Documented in the Uffizi Gallery from 1565, the sculpture is currently housed in the second Corridor, after having transited over the centuries in the First Corridor, in the Vestibule and in the Third Corridor.
The II-century Roman statue is a replica after the bronze original of the celebrated Greek artist Praxiteles from 365-350 BC, representing Apollo Sauroktonos (Lizard-Slayer). In XVI century the statue looked very much fragmented and an extensive integration intervention was necessary. The scholars at the Medici Court of Cosimo I interpreted the god as Apollo Citharoedus, that is playing the lyre.
The only ancient part of the sculpture is the torso with the thighs, whereas head, arms and legs are the result of the XVI-Century restoration, as well as the lyre with the soft elegant drape and the refined polychromatic tripod with the embossed griffin. A coeval document attests the colored marbles acquired for the making of the tripod were assigned to the Florentine sculptore and restorer Giovan Battista Caccini, who also sculpted the other missing parts.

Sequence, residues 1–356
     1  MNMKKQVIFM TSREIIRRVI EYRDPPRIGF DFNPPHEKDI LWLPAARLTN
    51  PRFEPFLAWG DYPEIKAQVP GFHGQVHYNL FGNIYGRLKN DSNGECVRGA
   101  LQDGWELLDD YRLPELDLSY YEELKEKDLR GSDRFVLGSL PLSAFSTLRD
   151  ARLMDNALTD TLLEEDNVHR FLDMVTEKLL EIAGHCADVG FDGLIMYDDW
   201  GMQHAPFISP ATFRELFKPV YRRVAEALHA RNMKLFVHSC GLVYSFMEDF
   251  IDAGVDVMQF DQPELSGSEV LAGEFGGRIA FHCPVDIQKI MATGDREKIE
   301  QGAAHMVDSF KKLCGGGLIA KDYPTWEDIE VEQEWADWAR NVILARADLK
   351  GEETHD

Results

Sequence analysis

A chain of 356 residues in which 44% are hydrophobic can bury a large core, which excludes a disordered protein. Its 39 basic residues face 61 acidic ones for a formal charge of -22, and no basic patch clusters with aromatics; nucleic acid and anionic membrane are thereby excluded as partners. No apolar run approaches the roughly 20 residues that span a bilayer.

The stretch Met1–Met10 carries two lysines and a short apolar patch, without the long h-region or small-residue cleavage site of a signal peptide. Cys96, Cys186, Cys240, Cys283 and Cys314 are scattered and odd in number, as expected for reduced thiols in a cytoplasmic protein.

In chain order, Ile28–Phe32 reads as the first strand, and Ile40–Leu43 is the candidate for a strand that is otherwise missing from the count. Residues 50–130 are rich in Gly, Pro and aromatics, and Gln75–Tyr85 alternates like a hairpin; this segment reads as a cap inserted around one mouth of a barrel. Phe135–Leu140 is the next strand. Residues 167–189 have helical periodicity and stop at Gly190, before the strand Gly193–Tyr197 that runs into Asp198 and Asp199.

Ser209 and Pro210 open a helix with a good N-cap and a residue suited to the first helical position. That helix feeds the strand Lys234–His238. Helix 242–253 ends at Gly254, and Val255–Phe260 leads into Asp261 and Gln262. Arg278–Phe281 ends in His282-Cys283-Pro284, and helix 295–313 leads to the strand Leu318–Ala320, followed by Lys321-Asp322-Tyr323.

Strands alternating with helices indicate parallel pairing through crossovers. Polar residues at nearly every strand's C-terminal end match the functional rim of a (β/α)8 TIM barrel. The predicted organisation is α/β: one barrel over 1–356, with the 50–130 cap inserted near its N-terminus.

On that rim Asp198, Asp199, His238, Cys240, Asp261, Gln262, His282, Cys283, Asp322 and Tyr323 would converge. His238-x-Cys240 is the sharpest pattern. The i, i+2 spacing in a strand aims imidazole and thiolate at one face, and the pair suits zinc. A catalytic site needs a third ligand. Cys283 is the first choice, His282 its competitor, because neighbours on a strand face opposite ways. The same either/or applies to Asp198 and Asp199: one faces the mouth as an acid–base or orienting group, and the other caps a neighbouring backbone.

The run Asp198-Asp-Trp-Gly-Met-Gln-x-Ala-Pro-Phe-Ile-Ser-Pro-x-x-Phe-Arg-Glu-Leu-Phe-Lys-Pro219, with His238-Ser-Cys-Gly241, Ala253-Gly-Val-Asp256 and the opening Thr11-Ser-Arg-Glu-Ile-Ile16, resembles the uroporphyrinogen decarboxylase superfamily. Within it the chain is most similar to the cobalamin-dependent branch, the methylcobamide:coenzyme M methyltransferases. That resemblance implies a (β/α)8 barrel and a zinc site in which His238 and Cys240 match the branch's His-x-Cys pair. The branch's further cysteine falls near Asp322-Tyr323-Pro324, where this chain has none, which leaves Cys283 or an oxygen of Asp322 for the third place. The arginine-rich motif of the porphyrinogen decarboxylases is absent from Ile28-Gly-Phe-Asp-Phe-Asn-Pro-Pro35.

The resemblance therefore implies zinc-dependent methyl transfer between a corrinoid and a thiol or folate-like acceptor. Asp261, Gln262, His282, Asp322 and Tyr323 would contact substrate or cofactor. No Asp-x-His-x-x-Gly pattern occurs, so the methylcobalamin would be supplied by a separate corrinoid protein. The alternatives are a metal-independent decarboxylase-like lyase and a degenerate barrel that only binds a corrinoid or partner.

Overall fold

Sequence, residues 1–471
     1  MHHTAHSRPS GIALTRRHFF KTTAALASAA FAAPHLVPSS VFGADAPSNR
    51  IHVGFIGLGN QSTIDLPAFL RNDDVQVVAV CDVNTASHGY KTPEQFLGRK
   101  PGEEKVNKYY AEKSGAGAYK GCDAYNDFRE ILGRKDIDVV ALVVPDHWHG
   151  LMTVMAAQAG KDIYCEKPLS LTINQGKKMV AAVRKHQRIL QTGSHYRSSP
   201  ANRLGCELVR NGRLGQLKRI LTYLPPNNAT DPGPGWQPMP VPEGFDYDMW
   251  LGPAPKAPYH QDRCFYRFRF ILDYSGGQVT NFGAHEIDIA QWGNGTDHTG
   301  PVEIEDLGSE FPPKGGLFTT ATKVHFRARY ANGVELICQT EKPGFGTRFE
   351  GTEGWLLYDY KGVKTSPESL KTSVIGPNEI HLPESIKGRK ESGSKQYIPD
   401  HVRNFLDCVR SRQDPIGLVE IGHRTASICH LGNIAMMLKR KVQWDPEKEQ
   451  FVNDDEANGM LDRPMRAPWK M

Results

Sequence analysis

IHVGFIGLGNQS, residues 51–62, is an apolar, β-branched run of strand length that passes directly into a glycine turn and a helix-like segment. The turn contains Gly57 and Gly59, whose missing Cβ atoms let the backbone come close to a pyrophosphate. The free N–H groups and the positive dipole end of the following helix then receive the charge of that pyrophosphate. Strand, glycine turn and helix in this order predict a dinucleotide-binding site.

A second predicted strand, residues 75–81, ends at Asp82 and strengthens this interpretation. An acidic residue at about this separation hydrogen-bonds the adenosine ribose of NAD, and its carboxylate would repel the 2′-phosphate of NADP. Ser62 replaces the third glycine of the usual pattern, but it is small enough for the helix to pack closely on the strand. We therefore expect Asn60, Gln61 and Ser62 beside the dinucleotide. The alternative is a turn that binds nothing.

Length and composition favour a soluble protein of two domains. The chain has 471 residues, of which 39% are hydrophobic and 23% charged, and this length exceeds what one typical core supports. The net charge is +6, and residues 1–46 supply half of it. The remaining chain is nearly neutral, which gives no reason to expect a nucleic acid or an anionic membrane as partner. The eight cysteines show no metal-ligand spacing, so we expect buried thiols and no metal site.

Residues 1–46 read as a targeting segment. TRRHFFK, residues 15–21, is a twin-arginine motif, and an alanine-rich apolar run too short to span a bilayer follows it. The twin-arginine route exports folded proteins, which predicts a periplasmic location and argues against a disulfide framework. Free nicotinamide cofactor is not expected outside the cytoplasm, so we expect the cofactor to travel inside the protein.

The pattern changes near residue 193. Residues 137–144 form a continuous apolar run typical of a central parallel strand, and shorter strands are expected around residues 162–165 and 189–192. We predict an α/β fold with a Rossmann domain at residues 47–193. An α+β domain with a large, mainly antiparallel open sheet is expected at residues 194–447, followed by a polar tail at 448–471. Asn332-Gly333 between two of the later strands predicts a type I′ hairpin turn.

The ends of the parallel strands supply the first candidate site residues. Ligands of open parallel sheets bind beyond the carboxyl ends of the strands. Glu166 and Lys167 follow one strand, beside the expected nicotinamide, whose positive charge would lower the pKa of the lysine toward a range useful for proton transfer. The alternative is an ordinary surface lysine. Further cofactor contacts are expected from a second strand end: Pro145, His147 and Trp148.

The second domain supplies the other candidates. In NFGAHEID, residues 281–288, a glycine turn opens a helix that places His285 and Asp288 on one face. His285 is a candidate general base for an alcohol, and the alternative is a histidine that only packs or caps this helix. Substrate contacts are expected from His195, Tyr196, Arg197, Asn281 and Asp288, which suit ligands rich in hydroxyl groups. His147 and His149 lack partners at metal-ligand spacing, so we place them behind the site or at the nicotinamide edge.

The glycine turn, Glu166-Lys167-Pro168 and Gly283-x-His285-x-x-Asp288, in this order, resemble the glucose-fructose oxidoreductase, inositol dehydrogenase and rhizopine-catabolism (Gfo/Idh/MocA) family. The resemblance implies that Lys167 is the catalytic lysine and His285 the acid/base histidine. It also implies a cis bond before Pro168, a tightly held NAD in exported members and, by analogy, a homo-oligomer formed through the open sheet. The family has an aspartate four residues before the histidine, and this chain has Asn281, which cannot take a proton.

The sculpture had been in a poor state of conservation, with diffused deposits of dust and fractures in the old filling. The thorough restoration intervention initially involved removing the dust and grime deposits by means of chemical and mechanical cleaning tools. Then the deteriorated former fillers, particularly evident on the right-hand fingers, the torso and glutei, were consolidated and repaired. Moreover, in order to improve the correct legibility of the statue, the right-hand index finger had to be integrated on the basis of old photographs, besides a missing inlay of the lyre. The restoration has also been the occasion for a systematic photographic campaign and a mapping of both ancient and modern parts of the sculpture, essential for future study and research.